Do you STRUGGLE with…
- Coming up with new books that will grab their audience’s attention?
- Developing books that stand out from their competition?
- Positioning your brand in a unique and engaging way?
- Deciding what direction you’ll take your business, so that it helps them achieve their dreams?
Those are just a few examples of situations where a little creativity can go a long way in finding answers and being innovative.
But, don’t worry, while creativity doesn’t come always come naturally, it’s definitely a skill that can be learned.
I’ll help you discover your hidden sources of creativity and show them how to nurture and apply your creativity using a variety of exercises. There’s something for everyone!
Here’s what I’ll teach in Exercises in Creativity and Innovation:
Introduction. In the first, introductory module, I’ll welcome you to the course and explain what you’ll be learning, so you know what to expect and can anticipate the new skills you’re going to acquire.
The 6 Key Traits of Creative People. In this module, you’ll explore the traits that creative people already demonstrate, so that you begin to recognize that you already have some of these characteristics. And, you’ll identify which ones you would like to focus on developing further.
The Perfect Environment for Your Creative Flow. Everyone needs a creative ‘space’. In this module, I’ll show you different ways to find or build an environment where you will do your best creative work – where you can always feel free to expand your thinking in new ways.
Creativity Exercise 1 – Free Writing. Now it’s time to dive into the 6 different creativity exercises in the course. That starts with Free Writing, which anyone with a pen and paper (or computer) can do. I’ll explain how to free write, and then you’ll give it a try on their own.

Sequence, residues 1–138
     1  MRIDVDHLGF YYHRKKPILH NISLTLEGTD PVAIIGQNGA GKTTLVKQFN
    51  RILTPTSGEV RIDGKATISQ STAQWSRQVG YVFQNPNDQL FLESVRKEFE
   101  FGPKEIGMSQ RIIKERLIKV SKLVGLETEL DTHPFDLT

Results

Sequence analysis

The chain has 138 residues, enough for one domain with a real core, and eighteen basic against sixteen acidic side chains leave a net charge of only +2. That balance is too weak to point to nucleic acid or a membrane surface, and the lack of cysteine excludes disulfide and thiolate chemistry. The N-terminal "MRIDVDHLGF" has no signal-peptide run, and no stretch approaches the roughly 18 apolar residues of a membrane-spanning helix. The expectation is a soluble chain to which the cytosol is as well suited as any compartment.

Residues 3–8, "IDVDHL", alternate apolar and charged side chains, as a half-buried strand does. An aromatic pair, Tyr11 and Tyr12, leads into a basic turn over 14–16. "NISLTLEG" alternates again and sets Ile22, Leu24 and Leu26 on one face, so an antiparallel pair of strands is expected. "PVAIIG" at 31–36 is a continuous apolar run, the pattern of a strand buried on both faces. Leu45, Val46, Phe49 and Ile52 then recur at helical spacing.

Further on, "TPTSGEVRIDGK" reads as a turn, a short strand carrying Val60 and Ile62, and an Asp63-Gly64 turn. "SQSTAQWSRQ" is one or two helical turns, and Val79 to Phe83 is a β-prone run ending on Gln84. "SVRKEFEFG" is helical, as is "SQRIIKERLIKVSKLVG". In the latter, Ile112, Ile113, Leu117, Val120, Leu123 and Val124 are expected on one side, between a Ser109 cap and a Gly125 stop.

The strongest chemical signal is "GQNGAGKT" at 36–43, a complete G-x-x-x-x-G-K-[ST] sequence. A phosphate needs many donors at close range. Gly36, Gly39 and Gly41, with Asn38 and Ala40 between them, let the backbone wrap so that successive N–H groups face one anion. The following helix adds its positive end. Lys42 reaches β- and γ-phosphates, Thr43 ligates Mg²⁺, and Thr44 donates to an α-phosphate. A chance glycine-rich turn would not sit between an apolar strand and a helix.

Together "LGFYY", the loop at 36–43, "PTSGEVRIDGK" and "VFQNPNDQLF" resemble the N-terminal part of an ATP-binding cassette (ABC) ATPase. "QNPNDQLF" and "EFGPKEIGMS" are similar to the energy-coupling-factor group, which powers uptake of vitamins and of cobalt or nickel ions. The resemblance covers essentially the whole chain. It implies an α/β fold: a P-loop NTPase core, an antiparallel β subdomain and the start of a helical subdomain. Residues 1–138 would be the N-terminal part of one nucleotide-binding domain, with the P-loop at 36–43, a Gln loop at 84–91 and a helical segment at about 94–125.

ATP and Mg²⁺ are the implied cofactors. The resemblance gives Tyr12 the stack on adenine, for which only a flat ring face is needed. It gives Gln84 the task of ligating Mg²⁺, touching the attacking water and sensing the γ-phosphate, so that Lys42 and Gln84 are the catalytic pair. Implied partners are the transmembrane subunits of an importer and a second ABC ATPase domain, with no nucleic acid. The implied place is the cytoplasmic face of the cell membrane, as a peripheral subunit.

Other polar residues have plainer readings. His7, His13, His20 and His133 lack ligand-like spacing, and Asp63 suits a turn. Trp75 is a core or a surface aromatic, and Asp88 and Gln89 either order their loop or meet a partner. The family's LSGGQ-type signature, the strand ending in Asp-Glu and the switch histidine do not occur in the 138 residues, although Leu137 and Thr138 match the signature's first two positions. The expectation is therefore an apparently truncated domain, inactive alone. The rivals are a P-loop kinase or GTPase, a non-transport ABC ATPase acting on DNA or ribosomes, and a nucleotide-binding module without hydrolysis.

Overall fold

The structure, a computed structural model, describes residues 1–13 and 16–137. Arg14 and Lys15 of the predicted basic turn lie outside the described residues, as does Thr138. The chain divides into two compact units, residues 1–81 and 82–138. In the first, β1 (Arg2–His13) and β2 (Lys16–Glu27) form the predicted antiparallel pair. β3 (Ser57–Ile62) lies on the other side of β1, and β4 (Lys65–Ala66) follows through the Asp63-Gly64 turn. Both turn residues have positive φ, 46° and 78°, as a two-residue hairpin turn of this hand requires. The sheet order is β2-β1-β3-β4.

Creativity Exercise 2 – Randomize. The next exercise is called ‘randomize’, and I’ll explain different ways that you can use random elements, such as words or objects, to spark new ideas. The results could be nonsense, could be art, or could be innovative combinations. But no matter what you produce, you’ll have fun and flex some creative muscle.
Creativity Exercise 3 – Do the Opposite. With the next creativity exercise, I’ll encourage you to be contrarians – doing the opposite of what would be considered ‘normal’. Just by pushing you to break away from the status quo for a few minutes, you’ll see how your thinking takes new twists and turns they wouldn’t have made otherwise.
Creativity Exercise 4 – Think Like a Child. Everyone has fun when it comes to the ‘think like a child’ exercise. After all, that’s the whole point! Children are naturally creative, without trying. I’ll show you why that’s the case and how you can reconnect with that ability in yourselves through a number of questions and activities.
Creativity Exercise 5 – Mind Mapping. Mind mapping is a popular tool for encouraging all sorts of creative approaches – from brainstorming to website design to decision making. I’ll show you the basics of creating a mind map (it’s not difficult) and ways you can use one to push your creative limits further.
Creativity Exercise 6 – SCAMPER. If you haven’t felt creative enough by this point, the SCAMPER exercise will take you to a new level. I’ll show you how to use a series of questions to explore an idea or object from 7 different approaches. It’s a hugely powerful brainstorming activity that’s particularly fun to do in a group setting, but that you can easily do on your own, too.
Unlocking the Flow – Common Barriers to Creativity. Even the most creative person can find their creativity stifled by things like the people or environment around them, or their own limiting thoughts. In the second-to-last module, I’ll explore some potential barriers to creativity, so that you can recognize which ones you’ll need to tackle for yourself if you truly want to unleash their creative powers.
Conclusion – Get Started with Your Creative Flow. In the last module, I’ll send you away with some tips for building creativity into every day, including keeping an idea journal and scheduling creative time.